Dr. James Patterson is a University Professor and Associate Dean of the School of Christian Studies at Union University in Jackson, TN. Dr. Patterson earned a Masters of Divinity from Gordon Conwell Theological Seminary, and a Ph.D. from Princeton Theological Seminary. At Union, Dr. Patterson was my professor in Old Testament Survey and Great Texts and Theologians, an excellent course in historical theology. He was also a faithful fellow member of Englewood Baptist Church in Jackson, TN, where he still serves as a deacon.
1. Could you describe how you came to faith in Christ?
When I was 10 years old, I responded at a summer camp to a gospel call and accepted Christ as my Lord and Savior. I was later baptized in my home church after completing a discipleship class with the pastor.
2. Could you describe your call to ministry?
As a college student at a secular, state university I came to a realization during my sophomore year that the Lord was calling me to “full-time Christian service.” At that point I began investigating seminaries and eventually enrolled at Gordon-Conwell Theological Seminary. Late in my seminary experience I sensed that the Lord was directing me to a ministry in Christian higher education, so I went on to Ph.D. work in church history.
3. Could you describe your personal devotional time (what time of day, what it consists of, whether or not you pray according to a list/schedule for various people, use a Bible reading plan, etc.)?
I prefer mornings for my major devotional time. My prayer includes a list of people and organizations that I pray for regularly, our church prayer sheet (distributed Wed. evenings), and the daily list of missionaries in Open Windows. I have a Bible reading plan–I simply work through the Bible, chapter-by-chapter. I also use the daily devotional reading in Open Windows.
4. Which two or three books outside of the Bible have had the greatest impact on you? Are there any authors from the past or present of whom you would recommend we read all their works? Why?
I have been influenced by C. S. Lewis, esp. Mere Christianity, Augustine’s Confessions and City of God, Luther’s Bondage of the Will, Calvin’s Institutes, Edwards’s Religious Affections, J. I. Packer’s Knowing God, and several books by David Wells (e.g., Above All Earthly Pow’rs). I think that it is better to sample several Christian authors than to try to read any single writer’s entire corpus.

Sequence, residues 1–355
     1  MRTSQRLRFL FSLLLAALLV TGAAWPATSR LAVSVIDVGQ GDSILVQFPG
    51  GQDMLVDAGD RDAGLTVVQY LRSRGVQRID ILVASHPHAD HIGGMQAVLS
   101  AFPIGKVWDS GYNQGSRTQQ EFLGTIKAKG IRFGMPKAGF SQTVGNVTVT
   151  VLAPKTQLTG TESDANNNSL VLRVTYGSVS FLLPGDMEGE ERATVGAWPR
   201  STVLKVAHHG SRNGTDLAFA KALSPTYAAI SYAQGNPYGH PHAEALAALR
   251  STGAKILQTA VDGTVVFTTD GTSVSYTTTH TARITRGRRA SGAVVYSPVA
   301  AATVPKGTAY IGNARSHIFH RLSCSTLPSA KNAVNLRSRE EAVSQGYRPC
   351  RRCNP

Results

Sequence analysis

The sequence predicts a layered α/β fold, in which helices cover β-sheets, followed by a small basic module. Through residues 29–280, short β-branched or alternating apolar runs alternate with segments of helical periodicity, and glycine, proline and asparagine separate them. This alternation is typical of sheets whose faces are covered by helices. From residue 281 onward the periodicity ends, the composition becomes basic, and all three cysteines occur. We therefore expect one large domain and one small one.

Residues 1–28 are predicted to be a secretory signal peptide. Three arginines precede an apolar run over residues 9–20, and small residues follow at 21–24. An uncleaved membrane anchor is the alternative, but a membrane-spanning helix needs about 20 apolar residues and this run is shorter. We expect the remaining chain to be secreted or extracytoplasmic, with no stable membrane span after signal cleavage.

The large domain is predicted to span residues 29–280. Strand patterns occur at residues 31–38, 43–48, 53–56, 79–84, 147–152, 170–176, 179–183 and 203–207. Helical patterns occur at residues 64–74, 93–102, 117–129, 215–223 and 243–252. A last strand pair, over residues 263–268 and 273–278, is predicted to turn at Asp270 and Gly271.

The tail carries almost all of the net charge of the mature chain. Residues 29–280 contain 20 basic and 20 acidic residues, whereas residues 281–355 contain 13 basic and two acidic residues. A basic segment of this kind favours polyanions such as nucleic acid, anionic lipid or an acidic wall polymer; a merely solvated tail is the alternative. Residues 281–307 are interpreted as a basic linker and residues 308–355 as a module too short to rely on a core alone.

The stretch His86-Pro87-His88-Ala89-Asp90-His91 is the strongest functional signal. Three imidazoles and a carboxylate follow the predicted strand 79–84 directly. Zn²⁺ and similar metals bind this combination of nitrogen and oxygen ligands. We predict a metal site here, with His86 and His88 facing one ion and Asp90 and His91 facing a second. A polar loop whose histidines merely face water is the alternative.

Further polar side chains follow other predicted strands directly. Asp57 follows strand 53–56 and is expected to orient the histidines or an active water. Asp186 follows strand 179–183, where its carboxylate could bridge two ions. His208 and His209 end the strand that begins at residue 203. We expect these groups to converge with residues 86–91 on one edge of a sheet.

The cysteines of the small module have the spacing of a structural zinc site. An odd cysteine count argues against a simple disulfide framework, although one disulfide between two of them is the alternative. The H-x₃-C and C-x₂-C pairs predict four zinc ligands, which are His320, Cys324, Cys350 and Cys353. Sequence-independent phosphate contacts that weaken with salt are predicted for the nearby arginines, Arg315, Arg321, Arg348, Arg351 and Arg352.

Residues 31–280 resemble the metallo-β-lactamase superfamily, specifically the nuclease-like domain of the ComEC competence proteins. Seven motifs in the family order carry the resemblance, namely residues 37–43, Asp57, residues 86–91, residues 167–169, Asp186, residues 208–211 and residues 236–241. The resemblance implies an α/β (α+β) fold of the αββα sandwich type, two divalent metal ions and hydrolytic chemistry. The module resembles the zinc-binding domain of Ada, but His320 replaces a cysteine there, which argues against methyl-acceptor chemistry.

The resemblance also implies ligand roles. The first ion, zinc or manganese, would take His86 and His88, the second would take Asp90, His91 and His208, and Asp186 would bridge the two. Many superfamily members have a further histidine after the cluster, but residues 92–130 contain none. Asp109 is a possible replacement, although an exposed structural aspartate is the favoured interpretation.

5. Because the Puritans are of special interest to me, is there any Puritan work which you have found to be particularly helpful? Why?
Richard Baxter’s Reformed Pastor is helpful for those in pastoral ministry. I consider John Bunyan to be in the Puritan tradition, and recommend Pilgrim’s Progress and Grace Abounding. Several of John Owen’s books are worthwhile, including The Death of Death.
6. What is your role in the local church right now? Why is it important to you to take part in this?
I am active at Englewood Baptist as a deacon, Sunday school teacher, and ESL tutor. I have served 2 consecutive terms as deacon chair at a time when the church was transitioning from a retiring pastor to a much younger pastor. I consider the local church to be the real center of what God is doing in the world and thus a very high priority for me.
7. What do you find to be the most discouraging and the most encouraging in your ministry, leadership position, or walk with Christ?
The most discouraging thing is church people who are not really committed to Christ or the local body of believers. The most encouraging thing is the significant number of people that I fellowship with at my church who are truly clued in to the kingdom.
8. If there was one word of advice, encouragement, or challenge to pastors, what would it be?
Preach the Word responsibly, conscientiously, and consistently and let the chips fall where they will.